How do the bones work?

The bones in our bodies have many different jobs to do. They carry our body weight and are exposed to various strains whenever we stand, sit or move around.

Their inner structure makes them strong and at the same time so elastic that they can withstand pressure and torsion, as well as slight bending and rotation. Almost all bones are connected with the flexible skeleton by joints, tendons, ligaments, and muscles.

Bones have an active metabolism which plays an especially important role in the production of blood and in our body's levels.

Bone structure

Our bones’ outer walls are referred to as the outer bone layer (compacta). This layer is hard and especially strong. Inside bones there is a supporting structure with interconnecting bony plates and rods called trabeculae. It is called spongy bone because of its sponge-like structure, but is sometimes also referred to as trabecular or cancellous bone. Long bones like the arms and legs also have a bone marrow cavity.

The bones have good blood circulation: Numerous veins pass through them. The spongy bone and the marrow cavities contain red bone marrow, which produces blood cells and what is known as fatty marrow from fat tissue. In childhood, many of our bones contain red bone marrow, but in adulthood red bone marrow is only found in certain bones like the ribs and vertebrae, the sternum (breastbone) and the pelvis.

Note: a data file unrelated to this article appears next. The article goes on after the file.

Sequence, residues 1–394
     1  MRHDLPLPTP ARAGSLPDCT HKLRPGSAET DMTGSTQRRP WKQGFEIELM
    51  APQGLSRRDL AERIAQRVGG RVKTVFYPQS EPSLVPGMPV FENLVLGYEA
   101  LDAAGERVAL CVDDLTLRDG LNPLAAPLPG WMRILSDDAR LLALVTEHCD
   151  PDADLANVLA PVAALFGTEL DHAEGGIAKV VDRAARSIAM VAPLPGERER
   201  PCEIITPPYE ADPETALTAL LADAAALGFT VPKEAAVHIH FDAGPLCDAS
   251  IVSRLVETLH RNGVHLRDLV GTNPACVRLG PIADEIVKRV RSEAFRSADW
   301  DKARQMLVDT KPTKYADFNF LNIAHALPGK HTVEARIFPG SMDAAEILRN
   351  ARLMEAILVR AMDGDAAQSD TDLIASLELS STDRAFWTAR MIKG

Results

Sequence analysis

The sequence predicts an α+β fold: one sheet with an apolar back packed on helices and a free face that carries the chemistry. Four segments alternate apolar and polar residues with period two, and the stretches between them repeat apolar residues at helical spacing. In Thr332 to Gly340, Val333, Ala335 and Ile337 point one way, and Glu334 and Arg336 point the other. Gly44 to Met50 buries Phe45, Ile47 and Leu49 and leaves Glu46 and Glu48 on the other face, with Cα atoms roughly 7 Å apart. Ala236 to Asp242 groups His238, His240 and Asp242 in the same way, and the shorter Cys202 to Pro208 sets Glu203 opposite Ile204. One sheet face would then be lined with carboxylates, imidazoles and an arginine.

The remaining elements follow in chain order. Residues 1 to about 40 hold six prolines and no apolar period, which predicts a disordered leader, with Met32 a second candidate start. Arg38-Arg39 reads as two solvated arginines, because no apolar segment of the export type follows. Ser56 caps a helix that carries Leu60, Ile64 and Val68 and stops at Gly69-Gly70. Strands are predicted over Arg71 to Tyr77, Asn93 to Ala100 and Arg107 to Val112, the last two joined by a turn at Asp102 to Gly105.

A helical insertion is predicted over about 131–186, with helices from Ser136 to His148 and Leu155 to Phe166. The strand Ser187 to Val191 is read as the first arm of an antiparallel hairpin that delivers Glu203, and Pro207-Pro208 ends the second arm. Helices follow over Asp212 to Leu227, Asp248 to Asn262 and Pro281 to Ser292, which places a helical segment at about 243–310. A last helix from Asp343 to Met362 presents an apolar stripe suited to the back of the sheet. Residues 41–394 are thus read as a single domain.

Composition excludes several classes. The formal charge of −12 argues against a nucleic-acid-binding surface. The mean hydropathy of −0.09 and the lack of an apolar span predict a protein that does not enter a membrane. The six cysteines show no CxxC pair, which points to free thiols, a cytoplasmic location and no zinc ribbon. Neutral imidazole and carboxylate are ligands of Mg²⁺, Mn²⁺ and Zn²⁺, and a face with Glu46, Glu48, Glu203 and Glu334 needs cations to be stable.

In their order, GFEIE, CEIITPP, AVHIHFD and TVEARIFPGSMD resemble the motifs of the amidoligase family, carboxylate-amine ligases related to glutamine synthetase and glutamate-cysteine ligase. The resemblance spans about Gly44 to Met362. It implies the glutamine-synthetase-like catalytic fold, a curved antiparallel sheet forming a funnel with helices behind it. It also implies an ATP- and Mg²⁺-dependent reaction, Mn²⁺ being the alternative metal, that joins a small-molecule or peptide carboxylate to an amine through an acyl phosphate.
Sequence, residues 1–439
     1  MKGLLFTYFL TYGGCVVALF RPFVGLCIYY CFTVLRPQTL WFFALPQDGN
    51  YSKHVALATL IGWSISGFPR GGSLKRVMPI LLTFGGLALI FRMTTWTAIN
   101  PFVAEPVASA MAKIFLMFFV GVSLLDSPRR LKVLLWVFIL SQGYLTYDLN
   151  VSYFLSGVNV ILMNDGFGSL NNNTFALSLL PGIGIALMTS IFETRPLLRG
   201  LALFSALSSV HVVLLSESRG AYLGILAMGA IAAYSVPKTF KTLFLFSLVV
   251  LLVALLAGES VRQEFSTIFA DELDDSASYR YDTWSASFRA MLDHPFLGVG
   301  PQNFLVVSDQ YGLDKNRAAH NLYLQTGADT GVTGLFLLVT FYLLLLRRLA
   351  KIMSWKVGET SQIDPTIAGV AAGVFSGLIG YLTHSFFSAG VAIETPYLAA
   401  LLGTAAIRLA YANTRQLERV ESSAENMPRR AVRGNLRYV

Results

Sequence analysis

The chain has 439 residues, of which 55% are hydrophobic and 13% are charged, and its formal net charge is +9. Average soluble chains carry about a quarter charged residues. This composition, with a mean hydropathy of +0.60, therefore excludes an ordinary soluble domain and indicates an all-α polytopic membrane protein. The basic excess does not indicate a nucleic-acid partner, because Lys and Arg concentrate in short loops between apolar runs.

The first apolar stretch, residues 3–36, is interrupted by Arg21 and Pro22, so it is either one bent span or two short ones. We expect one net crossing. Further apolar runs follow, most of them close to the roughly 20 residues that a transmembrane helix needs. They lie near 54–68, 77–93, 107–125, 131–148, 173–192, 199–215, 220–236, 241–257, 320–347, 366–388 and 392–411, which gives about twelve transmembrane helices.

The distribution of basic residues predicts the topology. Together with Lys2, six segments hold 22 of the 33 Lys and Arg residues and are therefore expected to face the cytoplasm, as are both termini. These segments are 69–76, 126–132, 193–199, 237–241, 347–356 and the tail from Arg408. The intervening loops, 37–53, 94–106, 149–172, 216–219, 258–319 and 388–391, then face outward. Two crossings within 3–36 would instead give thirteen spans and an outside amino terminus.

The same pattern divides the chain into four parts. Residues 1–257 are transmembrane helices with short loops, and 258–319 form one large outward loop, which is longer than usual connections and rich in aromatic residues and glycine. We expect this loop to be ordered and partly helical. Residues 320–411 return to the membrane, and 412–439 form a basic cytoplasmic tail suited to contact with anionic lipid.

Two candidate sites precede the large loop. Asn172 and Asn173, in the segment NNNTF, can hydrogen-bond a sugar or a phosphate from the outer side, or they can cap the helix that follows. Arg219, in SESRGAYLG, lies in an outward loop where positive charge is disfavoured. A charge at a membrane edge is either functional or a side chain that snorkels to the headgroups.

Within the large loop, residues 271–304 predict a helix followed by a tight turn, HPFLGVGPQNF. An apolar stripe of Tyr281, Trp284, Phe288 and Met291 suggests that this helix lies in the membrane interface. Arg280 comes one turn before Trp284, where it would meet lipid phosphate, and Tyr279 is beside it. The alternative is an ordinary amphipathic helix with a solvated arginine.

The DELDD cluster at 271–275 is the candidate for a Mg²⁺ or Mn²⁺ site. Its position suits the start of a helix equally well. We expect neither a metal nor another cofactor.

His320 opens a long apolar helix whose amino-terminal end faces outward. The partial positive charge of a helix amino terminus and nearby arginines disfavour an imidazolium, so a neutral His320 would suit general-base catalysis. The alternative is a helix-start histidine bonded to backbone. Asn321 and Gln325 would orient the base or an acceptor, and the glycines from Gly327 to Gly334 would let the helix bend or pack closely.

Illustration: Healthy bone structure

Some bones develop from connective tissue, like the skull. Others start off as cartilage that is later replaced by bone tissue. The arm and leg bones are examples of this. But they do not completely turn into bone for as long as we are still growing: A small amount of cartilage remains at the ends of the bones. These parts are called growth or epiphyseal plates. New cartilage is constantly being produced there, which later becomes bone. That allows the bones to keep growing longer. Towards the end of puberty, the growth plates gradually turn into bone as well, and our bones are fully grown.

Illustration: Long bones with epiphyseal plates

How does bone tissue regenerate?

The mineral content of our bones is crucial for their strength. Calcium phosphate is the most important of these minerals. It makes the bones harder and stronger. The more minerals a bone has in it, the harder and denser it is. But the strength of a bone also depends on the shape and density of the spongy bone inside.

Two kinds of living cells that make our bones a kind of permanent construction site are walled inside the bone tissue: The osteoblasts build layer upon layer of new bone material all around themselves and make the bone grow. The osteoclasts do the opposite: They break down old bone tissue. Together, these two types of cells make sure that every bone can adapt to the strains it is put under and can repair itself after a fracture.

As long as the same amount of tissue is produced as is broken down, the bone gradually regenerates without getting weaker. That means all of the bone tissue in the skeleton is completely replaced about every eight years. Various hormones such as sex, growth and thyroid control this regeneration process.

Adult skeletons weigh about seven to nine kilograms. Bone cells make up about one percent of the bone, the rest is bone tissue. It is made up of 25% water and 25% protein such as . Minerals such as phosphate make up 50% of the bone.

Why are bone fractures nore common in older age?